Amazon's Silk disrupts the microprocessor race

Amazon claims its Kindle, running the new Silk browser, will be able to provide performance and user experience comparable to that which you are accustomed to from an iPad or laptop, but on hardware that is far cheaper and inferior. If they are able to deliver on this promise, Amazon will be ushering the end of the microprocessor race between Intel, AMD and others. However, I suspect they are not quite there yet.

For years, we - the consumer - have had to upgrade our processors on a periodic basis, as software vendors have increased the processing capabilities of the hardware they've required. For example, each new version of Windows has gotten bulkier and graphically more intensive. Yet, this is not what most consumers want. By moving much of the processing to the cloud, consumers no longer need to play this game. Amazon will take care of the computation for us by pre-processing the necessary computation so it is done on their EC2 clouds, rather than on your device.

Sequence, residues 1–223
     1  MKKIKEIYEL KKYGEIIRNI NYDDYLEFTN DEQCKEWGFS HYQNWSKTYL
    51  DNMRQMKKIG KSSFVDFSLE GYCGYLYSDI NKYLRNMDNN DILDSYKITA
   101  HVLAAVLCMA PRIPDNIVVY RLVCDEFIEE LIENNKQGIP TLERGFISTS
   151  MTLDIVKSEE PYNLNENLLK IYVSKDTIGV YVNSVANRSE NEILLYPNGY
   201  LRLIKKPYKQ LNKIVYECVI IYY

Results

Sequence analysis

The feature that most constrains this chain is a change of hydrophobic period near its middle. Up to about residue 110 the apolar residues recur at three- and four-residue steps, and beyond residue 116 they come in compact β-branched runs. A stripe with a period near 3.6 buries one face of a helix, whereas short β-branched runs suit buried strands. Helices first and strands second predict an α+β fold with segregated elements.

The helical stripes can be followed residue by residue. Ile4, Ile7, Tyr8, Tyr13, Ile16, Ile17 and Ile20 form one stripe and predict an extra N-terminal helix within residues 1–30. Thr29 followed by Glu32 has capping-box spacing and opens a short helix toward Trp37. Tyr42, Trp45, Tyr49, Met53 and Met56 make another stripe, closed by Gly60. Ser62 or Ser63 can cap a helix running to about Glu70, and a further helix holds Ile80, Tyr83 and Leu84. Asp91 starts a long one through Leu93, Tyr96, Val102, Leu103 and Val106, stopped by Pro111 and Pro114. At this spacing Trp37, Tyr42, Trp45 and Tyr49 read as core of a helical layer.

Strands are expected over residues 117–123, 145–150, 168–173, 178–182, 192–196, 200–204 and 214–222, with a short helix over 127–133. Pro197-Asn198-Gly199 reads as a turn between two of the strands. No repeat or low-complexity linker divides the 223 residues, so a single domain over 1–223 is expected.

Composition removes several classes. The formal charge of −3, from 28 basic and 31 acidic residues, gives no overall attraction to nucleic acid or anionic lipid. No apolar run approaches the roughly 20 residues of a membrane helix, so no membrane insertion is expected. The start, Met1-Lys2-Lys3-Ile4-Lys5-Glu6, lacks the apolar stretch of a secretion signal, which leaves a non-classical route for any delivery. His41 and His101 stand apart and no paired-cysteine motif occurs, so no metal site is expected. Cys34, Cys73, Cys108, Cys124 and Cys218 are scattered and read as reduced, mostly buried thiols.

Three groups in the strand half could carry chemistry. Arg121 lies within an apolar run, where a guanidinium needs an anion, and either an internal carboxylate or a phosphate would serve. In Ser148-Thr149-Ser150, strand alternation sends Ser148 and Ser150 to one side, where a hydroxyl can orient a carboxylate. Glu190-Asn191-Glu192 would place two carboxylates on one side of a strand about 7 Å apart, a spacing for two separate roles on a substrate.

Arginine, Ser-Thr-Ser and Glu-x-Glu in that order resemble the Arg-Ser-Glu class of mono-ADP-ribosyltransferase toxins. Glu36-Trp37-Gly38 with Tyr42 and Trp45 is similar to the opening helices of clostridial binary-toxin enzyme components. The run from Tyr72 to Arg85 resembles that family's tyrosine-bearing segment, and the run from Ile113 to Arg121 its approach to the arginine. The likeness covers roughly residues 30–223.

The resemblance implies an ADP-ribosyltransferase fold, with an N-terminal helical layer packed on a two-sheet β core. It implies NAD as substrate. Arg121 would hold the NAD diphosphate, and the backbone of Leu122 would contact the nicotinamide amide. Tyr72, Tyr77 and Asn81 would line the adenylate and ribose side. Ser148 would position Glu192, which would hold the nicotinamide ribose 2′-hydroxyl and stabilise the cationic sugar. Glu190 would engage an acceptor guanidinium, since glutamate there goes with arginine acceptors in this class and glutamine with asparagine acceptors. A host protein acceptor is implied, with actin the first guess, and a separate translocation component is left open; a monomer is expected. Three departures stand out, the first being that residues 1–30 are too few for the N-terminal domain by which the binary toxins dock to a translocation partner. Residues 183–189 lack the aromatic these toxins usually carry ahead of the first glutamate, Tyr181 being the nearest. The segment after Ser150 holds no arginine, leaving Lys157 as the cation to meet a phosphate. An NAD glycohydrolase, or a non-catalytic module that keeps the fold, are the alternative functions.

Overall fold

Yet to fully realize the dream of moving all the computation to the cloud - Amazon needs to do something radical. Amazon needs to create its own communication protocol between the Silk browser on the Kindle and Amazon EC2 servers where the processing is done. This is the best way to pre-process the web content so it is easier to render on inferior devices. Since the standard HTML protocol is verbose, using a proprietary protocol will also reduce the bandwidth required to transmit the data. I suspect Amazon has not yet quite realized this.